Not All Accountants are Created Equal

Have you ever worked with an accountant that didn’t advise you in the way you needed? Maybe your bookkeeper can’t seem to help you with your business strategy, or your tax accountant doesn’t really ‘get’ your business.

Here’s the thing: not all accountants are created equal. Tax, accounting, bookkeeping, and financial strategy are all different aspects of your business finances. Each of them has different a focus and require different skill sets. Typically, different professionals will guide you in each of these areas. Think of it like this: a wedding designer doesn’t do the same thing as a wedding planner – even though there can be crossover in their areas of expertise.

3 Types of Financial Professionals

The Tax Accountant

Every business needs a tax accountant. When hiring a tax accountant, keep in mind:

  • You don’t need a wedding or creative business tax expert. A small business is a small business. And, the tax forms don’t differ much from one to the next.
  • You do need someone smart and reputable. And, it’s worth paying extra for a tax accountant who is on top of things.
  • They may or may not have a CPA – certified public accountant – license.

Tax is their specialty. A tax accountant is usually not the best suited for your overall financial strategy because they are focused on the nuances of tax code (which is VERY complex). Lastly, YOU need to be proactive with your tax strategy. As your business changes, YOU need to let your tax accountant know so that they can help save you money on taxes. Far too many business owners are waiting for tax accountants to take the lead. When you have changes, give them a heads up. When your business is doing well (you’re making good money) let them know. If you’re facing some significant losses, let them know. I recommend sitting down with your tax accountant each Fall to have these big talks. If you wait till the new year they will probably have a less available schedule as they prepare for tax season.

The Bookkeeper

You may get to a stage in your business where you need a bookkeeper because you are spending too much time recording things in Quickbooks. Here is what a bookkeeper does:

  • A bookkeeper manages your accounting transactions. They’re typically working with Quickbooks to get all of your information updated on a daily, weekly, or monthly basis.
  • Most bookkeepers aren’t there to tell you how to earn better in your business. They are your DETAIL gal (or guy). Utilize this skillset. Your books will be tight – and your reports will tell you exactly how well you’re doing.
  • You may assign these tasks to a staff person. Make sure they are well trained.

Too many accounting errors happen by under-qualified in-office staff managing Quickbooks. Bookkeeping can easily be outsourced. A good thing to keep in mind is even if you have a bookkeeper, you are still the CEO of your company. You still need to know what your money is doing. They’re only counting the pennies, not deciding what to do with them.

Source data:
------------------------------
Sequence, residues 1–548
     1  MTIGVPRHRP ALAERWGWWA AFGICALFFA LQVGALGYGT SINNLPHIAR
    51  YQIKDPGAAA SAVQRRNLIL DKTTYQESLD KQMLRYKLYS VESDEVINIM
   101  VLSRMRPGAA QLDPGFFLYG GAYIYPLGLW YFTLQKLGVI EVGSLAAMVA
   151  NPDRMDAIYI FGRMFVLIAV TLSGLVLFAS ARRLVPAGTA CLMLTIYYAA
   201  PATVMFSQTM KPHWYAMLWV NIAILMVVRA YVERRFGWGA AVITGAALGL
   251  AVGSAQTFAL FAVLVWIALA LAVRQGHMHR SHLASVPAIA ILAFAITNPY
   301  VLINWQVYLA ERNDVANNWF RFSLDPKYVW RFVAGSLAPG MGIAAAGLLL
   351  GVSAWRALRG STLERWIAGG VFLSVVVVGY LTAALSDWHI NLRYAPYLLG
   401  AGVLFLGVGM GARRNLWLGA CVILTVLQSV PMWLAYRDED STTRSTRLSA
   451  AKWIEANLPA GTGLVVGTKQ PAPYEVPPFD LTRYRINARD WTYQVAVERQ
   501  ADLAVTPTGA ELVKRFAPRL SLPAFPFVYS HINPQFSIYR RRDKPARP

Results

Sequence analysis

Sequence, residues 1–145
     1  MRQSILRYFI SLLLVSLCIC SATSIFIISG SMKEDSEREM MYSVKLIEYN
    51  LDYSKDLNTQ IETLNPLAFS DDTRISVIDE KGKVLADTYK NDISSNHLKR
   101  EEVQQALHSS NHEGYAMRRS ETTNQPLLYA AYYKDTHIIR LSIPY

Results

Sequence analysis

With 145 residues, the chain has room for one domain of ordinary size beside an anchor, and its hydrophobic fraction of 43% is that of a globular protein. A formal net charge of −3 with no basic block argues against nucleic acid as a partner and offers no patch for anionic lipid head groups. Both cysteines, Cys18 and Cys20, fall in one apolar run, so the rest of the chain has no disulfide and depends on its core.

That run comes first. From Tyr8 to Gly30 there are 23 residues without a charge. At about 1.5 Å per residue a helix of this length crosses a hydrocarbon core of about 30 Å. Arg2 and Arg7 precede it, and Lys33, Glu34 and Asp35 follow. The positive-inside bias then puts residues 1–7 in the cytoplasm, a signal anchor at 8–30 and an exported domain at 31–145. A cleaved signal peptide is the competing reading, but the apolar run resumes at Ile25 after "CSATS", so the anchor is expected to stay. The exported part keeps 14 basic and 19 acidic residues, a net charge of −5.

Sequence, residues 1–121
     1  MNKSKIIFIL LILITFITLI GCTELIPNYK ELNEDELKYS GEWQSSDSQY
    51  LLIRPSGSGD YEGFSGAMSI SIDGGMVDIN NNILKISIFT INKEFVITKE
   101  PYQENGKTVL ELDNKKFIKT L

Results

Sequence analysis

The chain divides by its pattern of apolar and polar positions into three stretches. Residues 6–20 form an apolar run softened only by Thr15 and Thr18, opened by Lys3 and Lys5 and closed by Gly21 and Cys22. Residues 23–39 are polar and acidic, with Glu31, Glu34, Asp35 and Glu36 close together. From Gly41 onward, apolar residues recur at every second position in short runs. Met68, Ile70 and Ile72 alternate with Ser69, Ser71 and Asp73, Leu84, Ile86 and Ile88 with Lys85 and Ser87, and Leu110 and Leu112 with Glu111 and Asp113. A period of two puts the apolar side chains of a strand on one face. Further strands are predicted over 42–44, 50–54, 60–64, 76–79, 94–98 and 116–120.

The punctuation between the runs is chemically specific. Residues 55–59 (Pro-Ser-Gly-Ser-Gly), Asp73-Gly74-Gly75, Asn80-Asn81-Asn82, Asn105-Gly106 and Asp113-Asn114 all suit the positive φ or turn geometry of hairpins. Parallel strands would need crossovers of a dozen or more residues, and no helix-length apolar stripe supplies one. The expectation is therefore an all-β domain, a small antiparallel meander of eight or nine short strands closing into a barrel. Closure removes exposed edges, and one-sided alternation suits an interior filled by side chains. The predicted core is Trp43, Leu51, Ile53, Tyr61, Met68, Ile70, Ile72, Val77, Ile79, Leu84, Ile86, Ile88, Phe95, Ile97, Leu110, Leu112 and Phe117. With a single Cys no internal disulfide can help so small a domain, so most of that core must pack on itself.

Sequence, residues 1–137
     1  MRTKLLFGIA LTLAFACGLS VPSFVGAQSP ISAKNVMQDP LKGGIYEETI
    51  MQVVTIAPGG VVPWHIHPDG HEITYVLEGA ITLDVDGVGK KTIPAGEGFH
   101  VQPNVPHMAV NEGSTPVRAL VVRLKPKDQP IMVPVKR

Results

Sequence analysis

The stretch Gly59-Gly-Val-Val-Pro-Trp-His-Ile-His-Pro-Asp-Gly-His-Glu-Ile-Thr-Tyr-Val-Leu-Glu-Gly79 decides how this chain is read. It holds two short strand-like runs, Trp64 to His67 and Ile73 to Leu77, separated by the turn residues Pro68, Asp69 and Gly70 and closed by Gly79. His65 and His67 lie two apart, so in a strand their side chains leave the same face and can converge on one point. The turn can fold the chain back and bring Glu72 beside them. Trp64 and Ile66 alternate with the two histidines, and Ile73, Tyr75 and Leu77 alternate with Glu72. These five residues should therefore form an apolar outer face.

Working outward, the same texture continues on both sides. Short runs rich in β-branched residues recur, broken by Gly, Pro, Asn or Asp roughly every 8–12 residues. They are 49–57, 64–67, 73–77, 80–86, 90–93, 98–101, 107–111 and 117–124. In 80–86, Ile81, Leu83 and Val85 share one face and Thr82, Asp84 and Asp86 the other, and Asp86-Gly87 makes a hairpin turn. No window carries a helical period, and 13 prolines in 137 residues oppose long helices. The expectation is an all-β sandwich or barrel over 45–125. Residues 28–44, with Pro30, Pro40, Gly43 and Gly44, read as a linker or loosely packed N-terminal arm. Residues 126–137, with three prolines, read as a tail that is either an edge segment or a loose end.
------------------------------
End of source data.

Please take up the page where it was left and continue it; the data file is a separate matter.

The Financial Strategist

A financial strategist or consultant is similar to a CFO-for-Hire. I may be biased because this is what I do, but this is the most exciting role in your financial team. Here is what a financial strategist does:

  • Works with you to create financial goals and coaches you on how to realize them. ·     Creates sales projections and expense budgets, with the help of a cash flow strategy.
  • Helps you make intentional decisions with your dollars.
  • A financial strategist is focused on the big picture of your company. They’ll help you incorporate the numbers into your over-arching business strategy.

Ultimately, you will still decide what to do with your money, but a financial strategist (or CFO-for-hire) will help you navigate how to do so. What if my accountant does all three? You may work with a firm that offers all three of these experts in-house. This presents a perfect opportunity to work with a trusted organization to guide your business. Or, you may find that your tax accountant also offers bookkeeping. Use the above guidelines to ensure that this professional is adept at both skillsets. The last thing to keep in mind is pay scale. There may be tax accountants that also offer bookkeeping. Because tax accounting strategy is more labor intensive, and requires deeper experience and education, the pay rate is generally higher ($$$) than that of bookkeeping which is typically more entry level ($$). It may not pay to have someone on a high pay grade doing an entry-level job for you.

Does your wedding business need all three of these accountants? Nope, not necessarily. You’ll want a tax accountant. If your bookkeeping becomes too unwieldy and you have money to invest in this, a bookkeeping firm can be a great next step. And, if you’re looking to shift your business financially (to earn more, or make some significant changes) a financial strategist can help get you there.

Michelle Loretta is a business consultant and financial strategist for wedding and event professionals. As founder of  Sage Wedding Pros she blends her past as an accountant for Deloitte, a sales and marketing manager for DDLA, a merchandiser for Coach, and a stationery entrepreneur to strengthen wedding businesses worldwide. Sage Wedding Pros is best known for Be Sage Conference, a summit for master-level wedding professionals. Michelle has been asked to speak at a number of industry conferences, including NACE Experience, Biz Bash Live, and The Special Event.

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